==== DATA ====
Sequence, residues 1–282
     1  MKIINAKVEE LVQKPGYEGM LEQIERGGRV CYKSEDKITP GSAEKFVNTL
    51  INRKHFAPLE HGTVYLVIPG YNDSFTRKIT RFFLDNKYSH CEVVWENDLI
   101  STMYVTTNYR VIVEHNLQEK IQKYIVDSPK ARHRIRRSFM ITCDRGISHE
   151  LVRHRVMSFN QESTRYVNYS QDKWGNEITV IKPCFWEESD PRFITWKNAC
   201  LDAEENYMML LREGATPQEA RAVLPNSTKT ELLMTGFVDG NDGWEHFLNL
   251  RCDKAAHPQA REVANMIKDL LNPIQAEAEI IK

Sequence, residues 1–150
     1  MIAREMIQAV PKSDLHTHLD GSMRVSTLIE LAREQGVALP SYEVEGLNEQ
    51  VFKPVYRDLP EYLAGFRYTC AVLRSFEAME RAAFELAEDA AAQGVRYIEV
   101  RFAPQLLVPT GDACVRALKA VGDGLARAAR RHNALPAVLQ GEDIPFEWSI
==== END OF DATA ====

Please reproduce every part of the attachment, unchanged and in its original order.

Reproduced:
Sequence, residues 1–282
     1  MKIINAKVEE LVQKPGYEGM LEQIERGGRV CYKSEDKITP GSAEKFVNTL
    51  INRKHFAPLE HGTVYLVIPG YNDSFTRKIT RFFLDNKYSH CEVVWENDLI
   101  STMYVTTNYR VIVEHNLQEK IQKYIVDSPK ARHRIRRSFM ITCDRGISHE
   151  LVRHRVMSFN QESTRYVNYS QDKWGNEITV IKPCFWEESD PRFITWKNAC
   201  LDAEENYMML LREGATPQEA RAVLPNSTKT ELLMTGFVDG NDGWEHFLNL
   251  RCDKAAHPQA REVANMIKDL LNPIQAEAEI IK

Sequence, residues 1–150
     1  MIAREMIQAV PKSDLHTHLD GSMRVSTLIE LAREQGVALP SYEVEGLNEQ
    51  VFKPVYRDLP EYLAGFRYTC AVLRSFEAME RAAFELAEDA AAQGVRYIEV
   101  RFAPQLLVPT GDACVRALKA VGDGLARAAR RHNALPAVLQ GEDIPFEWSI